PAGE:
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THE STATE OF STADIA A Critical Analysis of the Modern Stadium

Thesis Proposal Advisor : Daekwon Park Candidate : Matthew Bunis


- Populous, Stadia

“Stadia are amazing buildings. They can shape our towns and cities more than almost any other building type in history, and at the same time place a community on the map. They have become an essential ingredient of the urban matrix that binds our cities together. They are arguably the most viewed building type in history thanks to the Olympics and other global sporting events. They can change people’s lives and often represent a nation’s aspirations.” 1


CONTENT

01 02 03 04 05

background An overview of the History, Symbolism, Trends, Agendas, Issues, and Legacies of large scale Stadia Design. A call for change in the way we think about, plan, design, build, contextualize, and use the Modern Stadia.

contention This thesis aims to dramatically rethink, reimagine, and reconsider the stadia typology as we currently understand it, and critically project what the future of strategic stadia design might become.

ParaMeterS A study of variables that have direct implecations to stadia design and performance. These variables include, regional variances, urban impact, utilization requirements, crowd control, amenity abundance, energy usage and user experience.

StrategieS An analysis of the methods and drivers used to inform stadia design.These methods include roof technology, facade systems, the bowl form, field dimension requirements, scale, seating, and contextual strategies.

PrecedentS An analysis of specific stadia projects to further examine their sucesses and failures.

06 07 08 09 10

goaLS A redevelopment proposal for Syracuse University’s Carrier Dome, presenting an incredible opportunity to set a precedent for the future of informed stadia design, on a dynamic and influential site.

Site A redevelopment proposal for Syracuse University’s Carrier Dome, presenting an incredible opportunity to set a precedent for the future of informed stadia design, on a dynamic and influential site.

ProceSS An overview of the History, Symbolism, Trends, Agendas, Issues, and Legacies of large scale Stadia Design. A call for change in the way we think about, plan, design, build, contextualize, and use the Modern Stadia.

interVention An overview of the History, Symbolism, Trends, Agendas, Issues, and Legacies of large scale Stadia Design. A call for change in the way we think about, plan, design, build, contextualize, and use the Modern Stadia.

SourceS A working bibliography of direct quotes, general information, and image sources.


PART ONE

background


background

The built environment has long been a visual representation of the status of civilization and the importance a given society places on their respective institutions. Throughout history, civilizations have built mega-structures, pushing the boundaries of architecture, engineering, and construction, all to showcase what they believe to be of utmost importance in their societies. These mega-structures have had an enduring impact on mankind, even today they have remained as lasting symbols of the civilizations that designed and built them. 

A sports stadium can be seen as a huge theatre for heroic feats. It is this combination of dramatic function and monumental scale that leads to powerful civic architecture. 2 - Populous, Stadia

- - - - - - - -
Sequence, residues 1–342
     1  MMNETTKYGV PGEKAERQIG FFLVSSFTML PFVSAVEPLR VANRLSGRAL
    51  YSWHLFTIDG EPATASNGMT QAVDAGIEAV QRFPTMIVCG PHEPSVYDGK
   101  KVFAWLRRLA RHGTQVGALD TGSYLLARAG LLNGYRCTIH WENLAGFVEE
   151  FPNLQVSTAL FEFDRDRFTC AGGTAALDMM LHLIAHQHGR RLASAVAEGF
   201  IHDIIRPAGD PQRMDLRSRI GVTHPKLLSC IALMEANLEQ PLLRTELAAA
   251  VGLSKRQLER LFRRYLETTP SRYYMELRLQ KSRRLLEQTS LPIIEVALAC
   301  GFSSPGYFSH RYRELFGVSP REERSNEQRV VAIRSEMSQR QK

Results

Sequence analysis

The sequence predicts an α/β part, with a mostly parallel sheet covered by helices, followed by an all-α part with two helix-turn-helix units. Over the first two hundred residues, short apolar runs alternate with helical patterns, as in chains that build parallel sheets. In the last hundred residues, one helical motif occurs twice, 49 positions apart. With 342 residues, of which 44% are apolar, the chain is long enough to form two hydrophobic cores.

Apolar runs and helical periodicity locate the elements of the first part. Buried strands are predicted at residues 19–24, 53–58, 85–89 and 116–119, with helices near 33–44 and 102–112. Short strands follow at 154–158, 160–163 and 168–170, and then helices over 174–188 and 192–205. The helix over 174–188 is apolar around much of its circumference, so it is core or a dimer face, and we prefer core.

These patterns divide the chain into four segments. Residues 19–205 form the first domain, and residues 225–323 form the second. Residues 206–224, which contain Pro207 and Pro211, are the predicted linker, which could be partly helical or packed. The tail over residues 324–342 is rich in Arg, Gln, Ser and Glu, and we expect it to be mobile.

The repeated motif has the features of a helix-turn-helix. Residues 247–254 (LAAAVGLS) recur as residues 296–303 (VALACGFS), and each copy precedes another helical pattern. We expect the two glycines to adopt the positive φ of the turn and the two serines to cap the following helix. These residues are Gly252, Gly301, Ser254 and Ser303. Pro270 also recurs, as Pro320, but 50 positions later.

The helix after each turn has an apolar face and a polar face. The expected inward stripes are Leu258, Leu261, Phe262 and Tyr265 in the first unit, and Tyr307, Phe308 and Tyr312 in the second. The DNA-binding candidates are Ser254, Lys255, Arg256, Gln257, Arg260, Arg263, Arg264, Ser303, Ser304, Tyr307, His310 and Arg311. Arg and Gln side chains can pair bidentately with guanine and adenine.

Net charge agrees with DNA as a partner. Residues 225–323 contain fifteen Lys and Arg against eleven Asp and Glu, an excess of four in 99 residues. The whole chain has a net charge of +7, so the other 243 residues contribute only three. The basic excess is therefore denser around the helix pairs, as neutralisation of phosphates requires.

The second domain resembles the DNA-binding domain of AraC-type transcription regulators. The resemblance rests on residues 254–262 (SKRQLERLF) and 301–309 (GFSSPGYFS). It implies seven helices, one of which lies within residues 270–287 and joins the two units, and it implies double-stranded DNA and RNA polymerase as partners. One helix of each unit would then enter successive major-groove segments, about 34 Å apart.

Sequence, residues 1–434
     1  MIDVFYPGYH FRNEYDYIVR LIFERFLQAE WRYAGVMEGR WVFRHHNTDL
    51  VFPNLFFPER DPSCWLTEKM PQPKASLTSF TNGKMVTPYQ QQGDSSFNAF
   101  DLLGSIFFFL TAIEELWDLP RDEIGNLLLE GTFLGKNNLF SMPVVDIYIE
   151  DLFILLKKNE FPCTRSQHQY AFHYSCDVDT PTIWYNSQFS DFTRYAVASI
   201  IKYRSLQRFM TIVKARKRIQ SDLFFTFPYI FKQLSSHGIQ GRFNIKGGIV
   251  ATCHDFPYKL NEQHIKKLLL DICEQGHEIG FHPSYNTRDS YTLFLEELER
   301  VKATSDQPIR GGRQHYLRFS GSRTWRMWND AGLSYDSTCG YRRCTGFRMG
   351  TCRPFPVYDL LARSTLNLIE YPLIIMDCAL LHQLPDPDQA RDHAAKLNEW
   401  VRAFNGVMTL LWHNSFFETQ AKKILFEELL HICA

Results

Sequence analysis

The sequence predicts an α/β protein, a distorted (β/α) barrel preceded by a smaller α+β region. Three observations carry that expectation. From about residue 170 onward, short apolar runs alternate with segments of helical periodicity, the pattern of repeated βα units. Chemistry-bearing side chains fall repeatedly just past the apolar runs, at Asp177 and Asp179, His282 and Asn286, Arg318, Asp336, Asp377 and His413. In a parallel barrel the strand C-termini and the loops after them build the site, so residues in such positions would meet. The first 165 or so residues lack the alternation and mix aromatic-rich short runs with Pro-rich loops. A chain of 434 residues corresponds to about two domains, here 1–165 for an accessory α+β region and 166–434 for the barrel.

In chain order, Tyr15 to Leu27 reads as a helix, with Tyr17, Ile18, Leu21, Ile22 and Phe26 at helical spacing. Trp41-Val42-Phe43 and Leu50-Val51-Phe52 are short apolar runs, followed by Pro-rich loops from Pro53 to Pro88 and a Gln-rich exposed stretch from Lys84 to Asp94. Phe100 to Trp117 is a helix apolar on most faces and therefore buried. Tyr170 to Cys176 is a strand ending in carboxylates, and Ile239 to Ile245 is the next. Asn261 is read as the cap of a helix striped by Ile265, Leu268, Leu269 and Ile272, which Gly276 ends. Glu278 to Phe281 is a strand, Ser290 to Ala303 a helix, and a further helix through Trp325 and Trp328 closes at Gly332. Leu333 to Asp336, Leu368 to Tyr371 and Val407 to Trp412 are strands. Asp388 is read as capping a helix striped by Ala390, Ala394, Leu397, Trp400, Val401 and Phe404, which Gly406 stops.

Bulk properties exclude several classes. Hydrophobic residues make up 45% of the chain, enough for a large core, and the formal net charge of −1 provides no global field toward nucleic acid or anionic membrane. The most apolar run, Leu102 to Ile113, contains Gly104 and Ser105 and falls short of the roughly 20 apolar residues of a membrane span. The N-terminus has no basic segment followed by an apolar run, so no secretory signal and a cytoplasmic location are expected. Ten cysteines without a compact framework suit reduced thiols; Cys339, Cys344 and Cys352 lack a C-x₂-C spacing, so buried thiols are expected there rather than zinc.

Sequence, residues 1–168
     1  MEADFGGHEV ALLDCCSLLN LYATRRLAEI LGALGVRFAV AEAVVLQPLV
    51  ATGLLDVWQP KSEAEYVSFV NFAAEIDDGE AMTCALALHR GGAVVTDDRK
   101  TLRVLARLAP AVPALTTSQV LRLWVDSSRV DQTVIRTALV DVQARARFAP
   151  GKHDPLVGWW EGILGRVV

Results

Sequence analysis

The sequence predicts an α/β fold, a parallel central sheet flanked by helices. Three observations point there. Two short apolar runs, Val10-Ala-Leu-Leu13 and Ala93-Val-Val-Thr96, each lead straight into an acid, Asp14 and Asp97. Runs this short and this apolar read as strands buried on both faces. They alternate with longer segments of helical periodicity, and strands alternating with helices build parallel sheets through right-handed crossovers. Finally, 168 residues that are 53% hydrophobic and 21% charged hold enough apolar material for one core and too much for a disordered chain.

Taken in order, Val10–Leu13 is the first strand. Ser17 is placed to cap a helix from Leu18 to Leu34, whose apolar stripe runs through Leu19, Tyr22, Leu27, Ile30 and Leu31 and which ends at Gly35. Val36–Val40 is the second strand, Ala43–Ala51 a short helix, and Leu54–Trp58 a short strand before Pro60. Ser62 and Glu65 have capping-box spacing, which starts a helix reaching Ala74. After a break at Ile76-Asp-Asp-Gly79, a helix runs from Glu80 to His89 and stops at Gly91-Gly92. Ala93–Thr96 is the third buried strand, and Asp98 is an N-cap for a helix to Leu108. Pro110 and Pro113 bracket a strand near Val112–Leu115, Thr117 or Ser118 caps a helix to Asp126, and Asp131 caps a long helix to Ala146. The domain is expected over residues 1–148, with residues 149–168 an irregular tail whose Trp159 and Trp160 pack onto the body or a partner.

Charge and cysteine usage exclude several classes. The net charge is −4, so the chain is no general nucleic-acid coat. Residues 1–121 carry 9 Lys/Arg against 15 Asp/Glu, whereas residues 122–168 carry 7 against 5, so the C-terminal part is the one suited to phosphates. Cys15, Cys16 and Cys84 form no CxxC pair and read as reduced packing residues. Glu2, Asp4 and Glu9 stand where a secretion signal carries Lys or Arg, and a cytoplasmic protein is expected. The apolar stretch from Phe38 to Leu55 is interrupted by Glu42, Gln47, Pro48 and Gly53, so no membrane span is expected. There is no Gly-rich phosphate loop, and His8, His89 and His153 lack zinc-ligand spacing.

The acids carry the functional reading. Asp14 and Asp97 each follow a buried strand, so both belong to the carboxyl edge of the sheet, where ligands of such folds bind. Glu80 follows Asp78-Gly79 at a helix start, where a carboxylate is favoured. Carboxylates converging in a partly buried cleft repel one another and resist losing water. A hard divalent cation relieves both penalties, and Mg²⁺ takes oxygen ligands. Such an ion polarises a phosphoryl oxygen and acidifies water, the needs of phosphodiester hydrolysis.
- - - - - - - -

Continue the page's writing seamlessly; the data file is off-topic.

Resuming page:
Although being built at an unprecedented rate, the stadium as a social symbol has been around for thousands of years. In early Mesoamerica, ballgame courts built as early as 1400 B.C.E. were simple and relatively unchanged in form and aesthetic for nearly 2,000 years. The Romans built monumental architecturally detailed stadiums in their large urban centers. In America, the earliest major stadiums were built on some of our nation’s most prestigious universities. The University of Pennsylvania’s Franklin Field was built in 1895 and is widely regarded as the oldest college football stadium in the nation. The designers of Franklin Field turned to Europe and the stadiums of the past, such as the Coliseum for inspiration. The Yale Bowl, built on Yale’s campus in 1914, is one of the oldest examples of a relatively unchanged modern bowl form stadiums to be built in the early 20th century. 

The Ancients placed an emphasis on their religious buildings, which can be seen in both The Great Pyramids in Egypt and The Parthenon in Greece. The Romans and Medievals built upon the religious relics of the past and placed their emphasis on new building techniques and construction methods, which are exemplified in The Pantheon in Rome and across The Great Cathedrals of Europe. The post Renaissance age has brought about mega-structures designed to showcase the perceived economic strength of one country over the rest, which can be experienced through the previously unimaginable scale of the great Steel Structures of the 20th Century.  For many people of the 21st Century, sports have replaced religion, becoming a vast economic enterprise and pushing the boundaries of entertainment along the way. Therefore, over the past 25 years, our society has turned to the Stadium, as its mega structure of choice. From high school football stadiums to prestigious private University Athletic Facilities, to Professional Sports Teams, National Stadiums, and even billion dollar Olympic Complexes have been built at an unprecedented rate.